A Survey on Neuromarketing Using EEG Signals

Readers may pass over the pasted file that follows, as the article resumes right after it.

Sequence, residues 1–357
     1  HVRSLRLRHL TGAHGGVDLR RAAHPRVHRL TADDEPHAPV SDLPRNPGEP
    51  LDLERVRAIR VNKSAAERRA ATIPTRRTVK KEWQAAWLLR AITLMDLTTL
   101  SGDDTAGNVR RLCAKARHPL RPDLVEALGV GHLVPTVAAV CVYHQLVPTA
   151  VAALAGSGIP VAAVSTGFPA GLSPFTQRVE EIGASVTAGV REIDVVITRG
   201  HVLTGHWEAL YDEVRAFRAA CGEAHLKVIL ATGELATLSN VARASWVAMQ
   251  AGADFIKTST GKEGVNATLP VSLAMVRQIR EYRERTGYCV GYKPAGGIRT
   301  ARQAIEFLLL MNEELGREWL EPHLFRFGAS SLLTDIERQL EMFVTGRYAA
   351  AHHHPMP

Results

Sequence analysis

Neuromarketing is the application of neuroscience to the understanding of consumer preferences toward products and services. As such, it studies the neural activity associated with preference and purchase intent. Neuromarketing is considered an emerging area of research, driven in part by the approximately 400 billion dollars spent annually on advertisement and promotion. Given the size of this market, even a slight improvement in performance can have an immense impact. Traditional approaches to marketing consider a posteriori user feedback in the form of questionnaires, product ratings, or review comments, but these approaches do not fully capture or explain the real-time decision-making process of consumers. Various physiological measurement techniques have been proposed to facilitate the recording of this crucial aspect of the decision-making process, including brain imaging techniques [functional magnetic resonance imaging (fMRI), electroencephalography (EEG), steady state topography (SST)], and various biometric sensors. The use of EEG in neuromarketing is especially promising. EEG detects the sequential changes of brain activity, without appreciable time delay, needed to assess both the unconscious reaction and sensory reaction of the customer. Several types of EEG devices are now available in the market, each with its own advantages and disadvantages. Researchers have conducted experiments using many of these devices, across different age groups and different categories of products. Because of the deep insights that can be gained, the field of neuromarketing research is carefully monitored by consumer and research protection groups to ensure that subjects are properly protected. This article surveys a range of considerations for EEG-based neuromarketing strategies, including the types of information that can be gathered, how marketing stimuli are presented to consumers, how such strategies may affect the consumer in terms of appeal and memory, machine learn…